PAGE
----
In a sense, black militants had won. They had triumphed without even having to bother making explicit what idea drove the unjust verdict and the celebrations that followed: that one’s identity is based on race. If the thesis of black power was invoked – I think it was and has, in the 20 years since, been accepted as dogma – the civil rights movement’s vision of judging a person as an individual, not based on one’s race, had been discredited if not defeated. Not long after the verdict, Americans would elect a biracial president whose wedding was officiated by an advocate of black liberation theology. But accepted, too, on an underlying level was the idea that the ends justify the means; that rendering an unjust verdict in the name of past wrongs is OK and in any case the show must go on. Indeed, the race-themed spectacle did go on, and the culture is crawling with Kardashians and those with whom they multiply such as the hip hop artist known for verbally assaulting a white artist for defeating a black artist at an awards ceremony.

Life, too, goes on, but not for those who were murdered. In the 20 years since the injustice was delivered, the exonerated lost the civil court battle brought by the murdered Ron Goldman’s father, real-life avenger Fred Goldman. The one I call the butcher of Brentwood, a phrase which is earned with one look at the crime scene photographs, is in jail for other crimes. His 1994 lawyers scattered like cockroaches into other lines of work or they passed away, with not a single practicing attorney, whether Legal Zoom founder Robert Shapiro or Israel defender Alan Dershowitz, acknowledging let alone admitting or atoning for complicity in the bloodied butcher getting away with murder. Vigilantism at the expense of justice did not result in progress for blacks. Whatever cultural impact of O.J. Simpson, his foremost legacy is the death of Ron Goldman and Nicole Brown Simpson and Americans resigning themselves to going along with injustice as they have gone along with every other injustice since 1994. Then and 20 years later, the facts show that Orenthal James Simpson ended two lives in an act of pure evil. That he got away with murder is beyond dispute. That the injustice is so blithely mocked and maligned (yet accepted) taints the nation and foreshadows its decline.

New Title, Art for Peikoff’s First Book

TCOHGOn November 25, Penguin gives a new title, cover art (pictured here) and author’s preface to Leonard Peikoff’s brilliant first book, The Ominous Parallels: The End of Freedom in America.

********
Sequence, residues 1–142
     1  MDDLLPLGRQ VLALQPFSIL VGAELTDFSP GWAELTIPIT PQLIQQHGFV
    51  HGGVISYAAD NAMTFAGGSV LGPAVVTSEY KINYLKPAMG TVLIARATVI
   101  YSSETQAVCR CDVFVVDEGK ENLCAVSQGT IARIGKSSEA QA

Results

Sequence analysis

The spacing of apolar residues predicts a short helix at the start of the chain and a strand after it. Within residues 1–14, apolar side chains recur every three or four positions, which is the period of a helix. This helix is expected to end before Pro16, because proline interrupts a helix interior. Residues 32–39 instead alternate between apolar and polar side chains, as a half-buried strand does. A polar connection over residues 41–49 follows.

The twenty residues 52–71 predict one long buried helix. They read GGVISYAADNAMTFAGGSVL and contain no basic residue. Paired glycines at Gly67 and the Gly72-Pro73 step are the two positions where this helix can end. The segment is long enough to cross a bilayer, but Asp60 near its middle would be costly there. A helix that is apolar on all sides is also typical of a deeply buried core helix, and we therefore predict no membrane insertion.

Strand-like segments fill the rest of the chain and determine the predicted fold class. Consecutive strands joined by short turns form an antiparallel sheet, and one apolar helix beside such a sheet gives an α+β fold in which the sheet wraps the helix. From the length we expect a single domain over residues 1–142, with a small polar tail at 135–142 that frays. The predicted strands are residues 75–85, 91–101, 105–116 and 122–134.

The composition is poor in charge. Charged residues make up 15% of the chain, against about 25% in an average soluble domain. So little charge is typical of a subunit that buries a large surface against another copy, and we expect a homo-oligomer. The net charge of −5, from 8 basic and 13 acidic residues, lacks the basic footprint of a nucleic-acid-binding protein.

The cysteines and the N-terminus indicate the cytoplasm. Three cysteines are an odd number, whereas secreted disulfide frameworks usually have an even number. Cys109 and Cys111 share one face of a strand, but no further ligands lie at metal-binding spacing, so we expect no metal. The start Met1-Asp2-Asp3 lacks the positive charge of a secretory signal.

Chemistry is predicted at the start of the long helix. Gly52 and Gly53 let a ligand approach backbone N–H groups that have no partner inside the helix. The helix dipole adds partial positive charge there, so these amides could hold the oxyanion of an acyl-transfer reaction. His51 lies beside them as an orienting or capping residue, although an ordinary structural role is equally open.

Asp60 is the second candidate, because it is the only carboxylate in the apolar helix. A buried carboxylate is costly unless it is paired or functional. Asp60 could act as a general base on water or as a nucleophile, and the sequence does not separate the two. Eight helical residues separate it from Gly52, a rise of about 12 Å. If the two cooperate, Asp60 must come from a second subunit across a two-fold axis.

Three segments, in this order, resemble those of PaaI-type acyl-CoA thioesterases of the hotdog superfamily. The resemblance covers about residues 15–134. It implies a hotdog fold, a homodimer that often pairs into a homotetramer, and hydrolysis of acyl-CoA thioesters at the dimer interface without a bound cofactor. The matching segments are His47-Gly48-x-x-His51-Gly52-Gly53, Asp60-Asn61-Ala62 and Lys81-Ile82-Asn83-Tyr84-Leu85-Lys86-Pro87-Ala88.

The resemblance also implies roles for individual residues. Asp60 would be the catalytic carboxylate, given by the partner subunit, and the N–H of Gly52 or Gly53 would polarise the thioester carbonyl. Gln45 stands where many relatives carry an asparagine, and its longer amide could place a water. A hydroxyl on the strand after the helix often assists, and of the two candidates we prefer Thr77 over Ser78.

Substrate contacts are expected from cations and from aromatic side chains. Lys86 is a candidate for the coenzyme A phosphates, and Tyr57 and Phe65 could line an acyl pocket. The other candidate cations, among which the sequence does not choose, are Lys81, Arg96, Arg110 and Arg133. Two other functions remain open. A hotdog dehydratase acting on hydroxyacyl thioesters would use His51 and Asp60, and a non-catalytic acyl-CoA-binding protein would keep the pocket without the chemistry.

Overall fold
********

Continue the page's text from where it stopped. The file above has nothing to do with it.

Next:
The book, The Cause of Hitler’s Germany, is an exhaustive philosophical study of what caused Nazi Germany. As the publisher’s new promotional material promises, Dr. Peikoff examines self-sacrifice, Oriental mysticism, racial “truth,” the public good and doing one’s duty—seductive catchphrases that circulated in Weimar Germanyand he demonstrates how unreason and collectivism led a seemingly civilized society to become Nazi Germany. Peikoff, who grew up in western Canada, lives in southern California and teaches a writing course in which I am enrolled, worked closely with Ayn Rand for 30 years. The preeminent Rand scholar and estate heir taught philosophy at Hunter College and New York University. Here, he offers a breathtaking comparative study and analysis of the rise of fascism in the United States. This was the first book by an Objectivist author other than Rand that I read and I found it utterly absorbing, like taking an intellectual odyssey in a style distinctly different from Rand’s non-fiction in the form of a cogent and captivating lesson in the modern history of philosophy culminating in the Nazi atrocities while ingeniously integrating what the author warns is the impending meltdown of the New Left. I was fascinated to learn that most Germans possessed, read and accepted Hitler’s Mein Kampf and to see how the ideas of Schopenhauer, Hegel and Kant continue to spread and influence the world around me. Philosopher and podcaster Peikoff, who was Ayn Rand’s long-time associate, has written two other books, Objectivism: The Philosophy of Ayn Rand and The DIM Hypothesis: Why the Lights of the West Are Going Out.

This volume includes the original introduction by Rand, who endorsed The Cause of Hitler’s Germany as “[a] truly revolutionary idea…. Clear, tight, disciplined, beautifully structured, and brilliantly reasoned.”

Tiananmen’s Individualist

Tiananmen individualistWhatever his identity, the lone individual who stood against the state 25 years ago this Thursday (June 5) remains a man of inspiration.